Liz Truss is looking increasingly like the Conservative version of Jeremy Corbyn – Scotsman comment

As the currency markets continued to cast judgement on the folly of Liz Truss’s economic plans, a debate has erupted over whether the SNP should match Chancellor Kwasi Kwarteng’s tax cuts or allow a further widening of the gap between Scotland and the rest of the UK.

Liz Truss and Jeremy Corbyn may be more alike than you might think (Picture: Rob Stothard/Getty Images)
Liz Truss and Jeremy Corbyn may be more alike than you might think (Picture: Rob Stothard/Getty Images)

Given Nicola Sturgeon described last Friday’s mini-budget as “morally abhorrent" and "fiscally reckless", it is unlikely that higher earners can look forward to lower taxes in Scotland any time soon.

However, for all the talk of a brain drain, it would be smart politics – and a practical help to those struggling with the cost-of-living crisis – if the First Minister was to borrow Labour’s idea and cut a penny in the pound off Scotland’s lower tax rates, while maintaining the higher rates of 41 and 46 per cent.

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This would help promote the SNP’s long-term political message that Scotland and the UK are two nations so fundamentally different that independence is the only way for the former to create the kind of society it wants to see.

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Despite the reality that people in Scotland and England are far closer in attitudes than the SNP likes to think, the Prime Minister's actions are helping the nationalist cause.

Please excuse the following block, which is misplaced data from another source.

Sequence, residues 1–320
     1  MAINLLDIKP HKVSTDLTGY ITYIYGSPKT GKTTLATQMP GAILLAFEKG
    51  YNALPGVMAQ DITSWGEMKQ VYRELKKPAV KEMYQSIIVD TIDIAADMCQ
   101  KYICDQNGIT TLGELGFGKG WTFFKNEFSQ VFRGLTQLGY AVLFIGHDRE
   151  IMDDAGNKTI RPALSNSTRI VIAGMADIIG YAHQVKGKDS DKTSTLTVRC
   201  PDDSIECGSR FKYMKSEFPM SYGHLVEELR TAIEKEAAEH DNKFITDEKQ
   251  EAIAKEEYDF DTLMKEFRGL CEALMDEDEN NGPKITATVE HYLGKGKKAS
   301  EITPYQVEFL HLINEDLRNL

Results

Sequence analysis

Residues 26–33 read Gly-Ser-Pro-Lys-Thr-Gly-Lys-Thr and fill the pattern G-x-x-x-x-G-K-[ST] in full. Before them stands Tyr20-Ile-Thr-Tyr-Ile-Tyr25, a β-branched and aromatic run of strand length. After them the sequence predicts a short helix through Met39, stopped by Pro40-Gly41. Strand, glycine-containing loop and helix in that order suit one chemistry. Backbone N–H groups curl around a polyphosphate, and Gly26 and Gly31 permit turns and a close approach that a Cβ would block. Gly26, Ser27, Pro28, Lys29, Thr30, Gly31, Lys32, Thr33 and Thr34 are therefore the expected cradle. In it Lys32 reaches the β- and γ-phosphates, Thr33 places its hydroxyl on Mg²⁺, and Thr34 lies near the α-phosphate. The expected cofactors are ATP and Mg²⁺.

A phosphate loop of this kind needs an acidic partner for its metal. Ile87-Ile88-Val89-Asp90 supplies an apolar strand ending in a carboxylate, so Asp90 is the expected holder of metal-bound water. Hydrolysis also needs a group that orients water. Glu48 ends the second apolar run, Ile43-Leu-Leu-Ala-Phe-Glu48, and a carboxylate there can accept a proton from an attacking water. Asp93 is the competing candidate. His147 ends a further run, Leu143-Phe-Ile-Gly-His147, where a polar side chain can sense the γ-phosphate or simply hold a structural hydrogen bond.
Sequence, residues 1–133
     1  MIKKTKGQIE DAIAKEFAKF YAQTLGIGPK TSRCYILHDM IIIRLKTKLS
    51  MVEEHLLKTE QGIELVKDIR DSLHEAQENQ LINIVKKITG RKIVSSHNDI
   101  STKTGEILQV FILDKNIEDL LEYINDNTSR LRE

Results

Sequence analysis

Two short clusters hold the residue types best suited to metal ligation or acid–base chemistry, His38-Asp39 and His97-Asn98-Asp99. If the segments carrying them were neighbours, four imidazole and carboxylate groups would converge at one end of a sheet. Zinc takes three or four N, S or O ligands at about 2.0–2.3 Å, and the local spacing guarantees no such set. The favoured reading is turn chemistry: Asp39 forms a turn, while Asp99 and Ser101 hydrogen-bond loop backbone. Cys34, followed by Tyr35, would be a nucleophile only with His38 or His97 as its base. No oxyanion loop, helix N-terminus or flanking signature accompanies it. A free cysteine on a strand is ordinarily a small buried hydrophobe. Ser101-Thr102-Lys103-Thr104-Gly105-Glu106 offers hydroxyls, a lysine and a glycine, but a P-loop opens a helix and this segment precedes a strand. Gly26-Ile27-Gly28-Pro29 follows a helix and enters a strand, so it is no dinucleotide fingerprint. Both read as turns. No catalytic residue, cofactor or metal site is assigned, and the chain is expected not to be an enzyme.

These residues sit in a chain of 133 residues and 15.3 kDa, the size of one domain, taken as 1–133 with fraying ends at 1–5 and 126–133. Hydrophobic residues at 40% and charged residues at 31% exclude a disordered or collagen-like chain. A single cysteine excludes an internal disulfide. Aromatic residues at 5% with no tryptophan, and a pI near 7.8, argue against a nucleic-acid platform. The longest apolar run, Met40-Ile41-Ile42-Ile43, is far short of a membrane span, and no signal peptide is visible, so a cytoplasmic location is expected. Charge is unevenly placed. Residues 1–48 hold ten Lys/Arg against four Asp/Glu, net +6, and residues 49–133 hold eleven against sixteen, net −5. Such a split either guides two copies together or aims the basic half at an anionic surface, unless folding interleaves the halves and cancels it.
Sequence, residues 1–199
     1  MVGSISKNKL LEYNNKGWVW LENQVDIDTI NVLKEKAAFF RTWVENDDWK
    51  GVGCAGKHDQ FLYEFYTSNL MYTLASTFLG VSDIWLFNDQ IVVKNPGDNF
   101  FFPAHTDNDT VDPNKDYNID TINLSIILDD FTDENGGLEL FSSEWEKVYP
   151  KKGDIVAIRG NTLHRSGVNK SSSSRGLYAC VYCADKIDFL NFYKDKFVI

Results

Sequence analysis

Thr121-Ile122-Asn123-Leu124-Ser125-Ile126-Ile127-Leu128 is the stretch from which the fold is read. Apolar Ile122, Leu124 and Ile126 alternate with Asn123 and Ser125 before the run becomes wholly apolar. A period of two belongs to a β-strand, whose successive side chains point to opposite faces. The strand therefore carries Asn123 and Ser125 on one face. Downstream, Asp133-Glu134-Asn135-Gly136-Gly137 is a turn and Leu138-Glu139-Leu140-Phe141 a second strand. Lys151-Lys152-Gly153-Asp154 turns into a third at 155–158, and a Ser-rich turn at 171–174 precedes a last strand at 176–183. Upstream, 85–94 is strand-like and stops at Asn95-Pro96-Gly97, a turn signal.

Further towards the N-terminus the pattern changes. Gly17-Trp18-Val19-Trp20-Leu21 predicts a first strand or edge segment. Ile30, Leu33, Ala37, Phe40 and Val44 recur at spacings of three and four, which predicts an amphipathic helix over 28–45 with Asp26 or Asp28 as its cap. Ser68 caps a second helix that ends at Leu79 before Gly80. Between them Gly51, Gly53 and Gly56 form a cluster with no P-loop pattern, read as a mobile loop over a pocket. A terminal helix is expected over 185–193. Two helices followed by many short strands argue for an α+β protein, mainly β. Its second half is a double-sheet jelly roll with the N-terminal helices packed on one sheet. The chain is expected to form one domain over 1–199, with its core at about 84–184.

She is portraying the UK as a place where, in the midst of a cost-of-living crisis in which food banks struggling to cope with demand, children are experiencing increasing rates of malnutrition, and small businesses are reeling from a combination of rising costs and falling consumer spending, its elected leaders think cutting the top rate of tax and scrapping a cap on bankers’ bonuses are priorities.

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Nicola Sturgeon indicates she will not replicate UK tax cuts for high earners

However, no one in the UK actually voted for this, apart from perhaps 80,000 Tory members, some of whom may be already regretting their decision.

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The impression is growing that Truss is the Conservative equivalent of Jeremy Corbyn: similarly foolish and ideological, but sporting a different rosette. Just as Corbyn was a gift to the Tories, Truss hands an air of competence and compassion to both SNP and Labour.

Who will benefit the most from Truss’s inadvertent political largesse may come down to a competition of ideas between the two parties, a process that could actually be useful and necessary to the formulation of a coherent alternative vision. And, heaven knows, we need one.

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